Steelcase Walks Fine Line As Earnings Drop
GRAND RAPIDS — Steelcase Inc. faces a "rough and bumpy" year ahead as the company works to cut costs and increase earnings, plus cope with a soft U.S. economy that's taking a bite out of sales.
As executives announced record revenues of nearly $3.9 billion for 2000, they warned of tough times ahead for the rest of 2001.
"It's likely that the year is going to be a rough and bumpy year," Chief Executive Officer Jim Hackett told brokerage analysts last week during a conference to discuss Steelcase's latest sales and earnings report.
Steelcase will "react appropriately" to the economic downturn and a sharp decline in quarterly earnings by balancing the need to cut costs with maintaining an organization that can adapt quickly when the economy turns around, Hackett said. He left no doubt that Steelcase needs to become a leaner company that provides a higher rate of return.
Steelcase is taking "very stern and strict efforts to reduce costs," he said.
"We need to become a healthier, stronger organization because of these tough times," Hackett said. "We'll get there as fast as we can."
"There's little love in the idea of increasing sales and not having bottom line results, he said.
The CEO's comments to Wall Street analysts came after Steelcase last week announced lower quarterly earnings.
Net income for the fourth quarter that ended Feb. 23 plunged 41.5 percent from a year earlier, from $44 million to $25.7 million. Annual earnings, minus one-time items, rose 9.7 percent, from $189.9 million in fiscal year 2000 to $203.6 million in FY 2001.
The company's operating margin declined for both the quarter and the year, from 7.3 percent to 6.5 percent in the fourth quarter, and from 8.9 percent to 8.5 percent annually.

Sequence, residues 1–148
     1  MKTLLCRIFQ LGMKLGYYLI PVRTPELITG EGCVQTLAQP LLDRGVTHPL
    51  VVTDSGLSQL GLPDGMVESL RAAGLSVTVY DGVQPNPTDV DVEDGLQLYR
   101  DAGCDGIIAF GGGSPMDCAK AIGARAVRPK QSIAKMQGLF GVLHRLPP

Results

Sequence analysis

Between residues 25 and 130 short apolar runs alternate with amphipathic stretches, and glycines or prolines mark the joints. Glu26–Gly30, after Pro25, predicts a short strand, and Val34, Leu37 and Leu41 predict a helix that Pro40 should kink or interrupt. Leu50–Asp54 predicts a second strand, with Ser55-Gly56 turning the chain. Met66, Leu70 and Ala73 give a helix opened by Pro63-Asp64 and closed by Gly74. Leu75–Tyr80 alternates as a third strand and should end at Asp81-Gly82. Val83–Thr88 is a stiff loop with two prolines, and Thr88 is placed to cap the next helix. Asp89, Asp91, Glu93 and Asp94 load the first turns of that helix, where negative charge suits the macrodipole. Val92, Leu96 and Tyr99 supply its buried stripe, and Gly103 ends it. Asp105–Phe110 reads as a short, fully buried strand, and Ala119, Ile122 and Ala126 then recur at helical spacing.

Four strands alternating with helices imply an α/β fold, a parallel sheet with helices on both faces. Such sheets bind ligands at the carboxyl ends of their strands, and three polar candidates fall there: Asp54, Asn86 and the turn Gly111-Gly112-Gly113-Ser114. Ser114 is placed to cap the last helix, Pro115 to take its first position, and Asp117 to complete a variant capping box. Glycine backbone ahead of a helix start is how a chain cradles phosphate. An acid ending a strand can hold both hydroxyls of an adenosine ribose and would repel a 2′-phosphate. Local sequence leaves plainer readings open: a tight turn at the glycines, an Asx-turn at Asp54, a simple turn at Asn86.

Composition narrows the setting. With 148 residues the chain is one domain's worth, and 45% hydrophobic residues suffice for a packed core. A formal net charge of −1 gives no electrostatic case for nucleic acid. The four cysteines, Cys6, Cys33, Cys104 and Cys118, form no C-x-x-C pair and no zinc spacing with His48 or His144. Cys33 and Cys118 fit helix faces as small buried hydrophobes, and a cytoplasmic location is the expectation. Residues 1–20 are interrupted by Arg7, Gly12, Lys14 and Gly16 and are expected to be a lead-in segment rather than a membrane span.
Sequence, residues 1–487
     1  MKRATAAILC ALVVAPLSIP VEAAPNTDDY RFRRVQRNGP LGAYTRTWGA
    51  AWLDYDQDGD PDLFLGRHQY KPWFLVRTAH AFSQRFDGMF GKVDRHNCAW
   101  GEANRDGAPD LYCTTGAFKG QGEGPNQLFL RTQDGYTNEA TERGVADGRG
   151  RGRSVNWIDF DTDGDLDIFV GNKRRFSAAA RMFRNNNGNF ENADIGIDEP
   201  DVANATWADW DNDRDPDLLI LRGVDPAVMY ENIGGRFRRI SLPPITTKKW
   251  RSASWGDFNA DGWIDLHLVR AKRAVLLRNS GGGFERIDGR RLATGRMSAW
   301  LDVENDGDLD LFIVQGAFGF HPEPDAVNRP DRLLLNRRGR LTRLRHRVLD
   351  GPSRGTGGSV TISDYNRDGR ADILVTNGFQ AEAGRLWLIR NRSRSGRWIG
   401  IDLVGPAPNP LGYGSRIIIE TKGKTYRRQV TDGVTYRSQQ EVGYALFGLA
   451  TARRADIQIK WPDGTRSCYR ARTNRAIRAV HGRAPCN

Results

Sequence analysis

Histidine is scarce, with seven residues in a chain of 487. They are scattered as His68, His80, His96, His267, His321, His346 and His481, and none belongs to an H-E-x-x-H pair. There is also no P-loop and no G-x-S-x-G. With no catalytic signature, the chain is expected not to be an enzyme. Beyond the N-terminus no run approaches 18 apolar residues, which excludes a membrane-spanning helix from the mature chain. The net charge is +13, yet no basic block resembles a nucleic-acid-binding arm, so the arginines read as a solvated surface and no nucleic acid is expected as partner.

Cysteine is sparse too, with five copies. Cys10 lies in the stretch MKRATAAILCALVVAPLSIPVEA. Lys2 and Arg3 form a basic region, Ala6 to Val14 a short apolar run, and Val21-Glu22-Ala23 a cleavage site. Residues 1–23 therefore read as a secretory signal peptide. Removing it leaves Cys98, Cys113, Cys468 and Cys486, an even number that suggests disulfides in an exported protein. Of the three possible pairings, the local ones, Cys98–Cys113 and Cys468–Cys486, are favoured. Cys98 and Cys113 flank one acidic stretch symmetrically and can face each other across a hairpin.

Sales for the fourth quarter grew from $919.6 million a year ago to $942.4 million, a 2.5 percent gain that came as the brakes were slammed on the U.S. economy.
Annual sales grew 16.2 percent, from $3.34 billion in FY 2000 to $3.88 billion in FY 2001.
Hackett attributed the quarterly earnings slide to a trend that at least bodes well for the future: The growing popularity of new products, which have a lower profit margin initially because of high launch and tooling costs. Sales of new products accounted for about 25 percent of Steelcase's revenues last year, compared to 17 percent in the earlier year. That rate is running "slightly ahead" of last year, he said.
"There's some good new in this," Hackett said.
Last week's financial report came after Steelcase launched a major initiative to cut costs and increase corporate profitability. Steelcase in February said it would trim its North American workforce 10 percent through the elimination of temporary manufacturing positions and about 300 salaried positions in North America. The company has already eliminated about 200 salaried positions and expects to cut the rest by June, Hackett said.
If necessary, "we're prepared to make more cuts," he said. The job cuts are expected to reduce costs by $20 million.
Another $50 million in savings is targeted in the company's global purchasing of materials, he said.
Other cost-cutting initiatives being implemented or examined include filling only "mission critical" new positions, reducing payouts under a revised employee bonus program that aligns bonuses with profit levels, and deferring or eliminating discretionary spending, Chief Financial Officer Alwyn Rogier-Chapman said.
"Expenditures early in the year will be tightly controlled," Rogier-Chapman told analysts.
Those tight controls come as the souring U.S. economy cuts into sales. They could fall as much as 5 percent from the previous year volumes during the first half of the fiscal year, Rogier-Chapman said.
Earnings will also take a hit. Steelcase has targeted FY 2002 earnings of $1.00 to $1.15 per share, which compares to the $1.30 per share recorded in FY 2001.
"We anticipate a challenging year ahead," he said. "We're just hoping the last six months (of the fiscal year) will improve."
Despite the relative gloom of the fourth quarter report, Hackett remained upbeat about Steelcase's long-term outlook and business strategy of linking furnishings with architectural design. Steelcase's revenues should grow at an 8 percent to 10 percent rate annually, and earnings per share should increase 10 percent to 15 percent per year, once the economy improves "and things get normal."
"The company is in fantastic shape to weather any kind of buffeting that we might experience this year," Hackett said. "In spite of these gloomy perspectives for the next year, I'm quite bullish on the fact that the investment in the company and the future for our customers is quite bright."